The water heater's burner would not shut off. The safety relief valve, now altered, could not relieve the pressure. When this happens, the water in the tank starts storing lots of energy. As the temperature increases, the tank itself can start to tear. At failure, all of this water expands 1,700 times its volume in an instant. This creates a pressure pulse that blows out walls and moves anything in its path. A hundred gallons of water instantly flashing into steam is like setting off 10 sticks of dynamite.
The unit had also not been maintained properly, and the staff had not been properly trained in maintenance techniques. Most facilities do not have personnel properly trained in combustion equipment maintenance. Most sites also do not follow proper interlock and safety testing guidelines, even though laws mandate them. Boiler safety laws have been passed by a number of states to help this. Boiler inspections that call for combustion interlock testing to be carried out only exist in 26 states and in some additional specific municipalities. In these states, jurisdictional inspectors ask to see evidence of this gas train and safety interlock testing. However, it is beyond their work scope to do any of this testing.
In most other states, boiler inspection laws call for inspecting only the pressure-vessel part of each boiler system and not for looking at combustion issues at all. In many cases, facilities and maintenance managers think that a boiler inspection is a full and complete look at everything, when in fact it usually is not.
Boiler inspectors (often hired by insurance companies or employees of the state) have their hands tied when it comes to what they can ask someone to do. What they are inspecting for is often limited to exactly the letter of the law. For example, in many cases, they can only evaluate equipment for its code compliance when it was installed.
There's typically no screening for how far away from the most recent codes the old "grandfathered" technology is. This kind of inspection sometimes means that you could "technically" be in compliance using archaic and antiquated equipment that is 50 or more years old and has little in the way of modern safety features.
What Is Interlock Testing? Why Does It Matter?Burning fuels can be useful so long as it is a controlled process. Controlled means that combustion takes place where you want it, when you want it, and at the rate you want it. The complicated looking series of valves, wires and switches that comprise the gas train installed on gas-fired equipment is what attempts to do this.
Gas trains help to keep gas out of the combustion chamber when no combustion is taking place through a series of tight, specially designed shut-off valves that are spring-loaded to close. These are the safety shut-off and blocking valves. Larger gas trains require dual valves, and some also have a vent between these for added safety. The specific configuration that you have depends on your insurance and local code requirements. Gas trains also have a number of components that try to ensure that safe light-offs take place and that shutdowns occur immediately if anything goes wrong during the operation of the equipment. They do this with a series of pressure switches that look for too high or too low of gas pressures being sent to the burner. They typically also have switches to make sure that airflows are correct for purging residual combustibles prior to light-off and that airflow is correct during operation.
Flame-sensing components also usually exist to make sure that flames are present when they are supposed to be and not present at the wrong time.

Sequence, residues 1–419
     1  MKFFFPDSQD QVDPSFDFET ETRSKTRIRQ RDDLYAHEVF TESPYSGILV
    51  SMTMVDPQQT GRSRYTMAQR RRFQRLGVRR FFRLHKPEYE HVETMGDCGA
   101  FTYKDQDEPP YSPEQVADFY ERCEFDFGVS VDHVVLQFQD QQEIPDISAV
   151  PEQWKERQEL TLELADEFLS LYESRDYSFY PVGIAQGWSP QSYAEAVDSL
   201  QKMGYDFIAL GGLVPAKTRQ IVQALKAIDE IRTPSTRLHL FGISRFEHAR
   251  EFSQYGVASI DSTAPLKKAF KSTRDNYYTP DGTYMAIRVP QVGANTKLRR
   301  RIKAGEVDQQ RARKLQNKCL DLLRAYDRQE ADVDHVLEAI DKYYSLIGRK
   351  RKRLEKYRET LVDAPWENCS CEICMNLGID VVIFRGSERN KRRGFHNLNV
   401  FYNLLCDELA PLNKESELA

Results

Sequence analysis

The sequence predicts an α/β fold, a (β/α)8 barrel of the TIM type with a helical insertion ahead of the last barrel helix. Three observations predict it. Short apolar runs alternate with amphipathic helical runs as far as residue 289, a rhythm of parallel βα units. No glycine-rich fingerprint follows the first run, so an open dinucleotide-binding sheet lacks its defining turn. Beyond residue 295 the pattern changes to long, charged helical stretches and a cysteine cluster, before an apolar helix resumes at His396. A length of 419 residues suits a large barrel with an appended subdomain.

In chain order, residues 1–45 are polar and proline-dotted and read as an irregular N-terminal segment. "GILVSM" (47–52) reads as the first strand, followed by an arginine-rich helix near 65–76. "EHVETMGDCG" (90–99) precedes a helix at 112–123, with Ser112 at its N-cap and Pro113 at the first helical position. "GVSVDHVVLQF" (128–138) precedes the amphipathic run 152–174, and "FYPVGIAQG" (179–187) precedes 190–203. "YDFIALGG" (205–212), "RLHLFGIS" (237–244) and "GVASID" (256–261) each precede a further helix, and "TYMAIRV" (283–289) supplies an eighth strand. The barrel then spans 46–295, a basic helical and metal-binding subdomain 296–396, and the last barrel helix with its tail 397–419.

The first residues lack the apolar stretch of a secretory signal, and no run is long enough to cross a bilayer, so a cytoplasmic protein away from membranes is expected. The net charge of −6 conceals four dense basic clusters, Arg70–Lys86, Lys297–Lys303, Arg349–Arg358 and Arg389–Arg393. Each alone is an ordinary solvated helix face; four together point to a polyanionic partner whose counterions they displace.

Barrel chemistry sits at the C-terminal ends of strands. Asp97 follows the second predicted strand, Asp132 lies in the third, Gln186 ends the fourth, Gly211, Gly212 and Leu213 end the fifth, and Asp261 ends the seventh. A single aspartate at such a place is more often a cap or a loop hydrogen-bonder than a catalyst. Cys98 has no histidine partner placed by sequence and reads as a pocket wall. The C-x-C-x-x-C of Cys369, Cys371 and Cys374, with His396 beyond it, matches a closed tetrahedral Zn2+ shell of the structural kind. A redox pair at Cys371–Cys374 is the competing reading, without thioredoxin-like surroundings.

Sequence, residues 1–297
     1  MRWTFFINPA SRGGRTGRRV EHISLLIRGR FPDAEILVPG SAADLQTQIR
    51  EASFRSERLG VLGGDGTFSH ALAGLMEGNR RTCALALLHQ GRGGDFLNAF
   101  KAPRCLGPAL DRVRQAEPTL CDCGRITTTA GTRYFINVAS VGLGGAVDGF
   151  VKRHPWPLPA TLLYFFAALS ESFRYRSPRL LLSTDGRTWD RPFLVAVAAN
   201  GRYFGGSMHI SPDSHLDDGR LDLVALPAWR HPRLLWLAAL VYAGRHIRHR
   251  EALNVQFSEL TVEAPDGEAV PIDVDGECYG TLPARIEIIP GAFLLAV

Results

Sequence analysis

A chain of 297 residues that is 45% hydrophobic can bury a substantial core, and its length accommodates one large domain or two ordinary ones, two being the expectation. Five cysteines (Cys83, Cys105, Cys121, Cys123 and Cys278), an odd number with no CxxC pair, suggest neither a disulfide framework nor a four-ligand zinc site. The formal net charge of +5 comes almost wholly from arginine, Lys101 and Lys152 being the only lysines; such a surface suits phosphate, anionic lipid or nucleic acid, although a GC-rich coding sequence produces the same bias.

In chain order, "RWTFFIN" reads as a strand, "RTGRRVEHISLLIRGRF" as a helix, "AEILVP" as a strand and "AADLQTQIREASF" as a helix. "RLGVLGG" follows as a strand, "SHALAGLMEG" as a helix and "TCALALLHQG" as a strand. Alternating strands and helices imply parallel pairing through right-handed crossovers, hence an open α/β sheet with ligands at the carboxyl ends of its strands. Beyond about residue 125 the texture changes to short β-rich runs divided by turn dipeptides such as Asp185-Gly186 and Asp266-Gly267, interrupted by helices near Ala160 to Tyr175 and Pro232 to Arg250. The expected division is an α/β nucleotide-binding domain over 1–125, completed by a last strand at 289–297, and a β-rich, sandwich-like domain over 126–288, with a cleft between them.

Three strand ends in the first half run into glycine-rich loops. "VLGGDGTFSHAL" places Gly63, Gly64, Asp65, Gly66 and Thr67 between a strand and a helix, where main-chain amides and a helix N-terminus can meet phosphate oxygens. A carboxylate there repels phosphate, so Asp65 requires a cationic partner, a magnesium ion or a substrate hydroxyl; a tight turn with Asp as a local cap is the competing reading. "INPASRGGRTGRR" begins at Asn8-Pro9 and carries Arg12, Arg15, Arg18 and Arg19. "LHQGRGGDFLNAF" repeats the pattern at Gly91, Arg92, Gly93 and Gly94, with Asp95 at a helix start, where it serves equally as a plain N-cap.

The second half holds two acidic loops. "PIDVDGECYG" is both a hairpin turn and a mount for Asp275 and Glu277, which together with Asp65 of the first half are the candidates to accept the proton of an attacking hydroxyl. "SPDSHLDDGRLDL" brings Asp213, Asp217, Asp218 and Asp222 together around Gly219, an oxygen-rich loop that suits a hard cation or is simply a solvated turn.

Other components for sensing that the fuel valve is at low-fire position prior to light-off may be present along with furnace pressure switches, high-temperature limits, and/or water level cut-outs (depending on the type of equipment.)
All of these components are logically linked or interlocked to a burner management system controller, or BMS. The BMS is the brain that supervises and sequences all of the light-off efforts and sits and watches as the combustion processes take place. BMS systems manage the timing and adequacy of the purge prior to light-off and the time intervals allowed for getting pilots and main flames lit.
All of this equipment is required by law to be checked on a regular basis, but with maintenance budgets among the first to be cut, proper checkouts and testing are seldom performed. Codes and manufacturers define what these frequencies are for different types of equipment. Frequencies of required testing range from daily observation of flames (assuming you know what to look for), to annual checks for block and bleed valve tightness testing requirements. It is in this frequency area that we find many problems in facilities today.
Auditors at Combustion Safety, Inc. have evaluated thousands of pieces of combustion equipment. They usually find that few sites are aware of regular testing requirements specified by codes. In most cases they find that sites do some level of testing semi-annually or annually. The level of comprehensiveness varies depending on who is in charge and that person's knowledge of the equipment or systems. It is rarely what is required by law.
Operations and the human element are the biggest safety issue. The National Board of Pressure Vessel Inspectors statistics for boiler incidents from 1992 through 1998 show that 40% of all deaths, 37% of all injuries, and 31% of all accidents are caused by human error or poor maintenance.
Gas Explosions Can Be AvoidedNatural gas and combustion equipment safety continues to be a black art to most maintenance staffs and even engineers. Most sites have personnel that are not adequately trained in the safe start-up/shutdown of equipment, daily operations, or the proper testing and maintenance. A recent survey of users found that less than 10% actually perform manufacturer or code-recommended preventive maintenance, including testing of critically important safety interlocks. The combination of these two circumstances can spell disaster, and has in numerous facilities. When assessing your site's circumstances consider the following:
- 1. Most of the explosions and fire incidents, by far, are due to human error. All of the safeties and interlock equipment in the world will not help if you attempt to short-circuit or jumper-out safety controls. There is no possible substitute for proper training.
2. Start-up and shutdown are your biggest risks. You need good written and clear procedures so that everything is very simple and straightforward.
3. Make sure that you do regular and complete interlock testing. Jurisdictional inspectors cannot be at your facility every day. Combustion safety and testing needs to be part of your organization's culture.
It may take a lot of effort and changes in your site's culture to start testing and maintaining this equipment properly.
The bottom line is that implementing comprehensive combustion equipment safety programs will save lives.
Note: The state boiler inspector listed four main causes:
Lack of proper controls and safety devices,
Lack of proper maintenance,
Improperly trained maintenance personnel, and
Failure to inspect on a regular basis.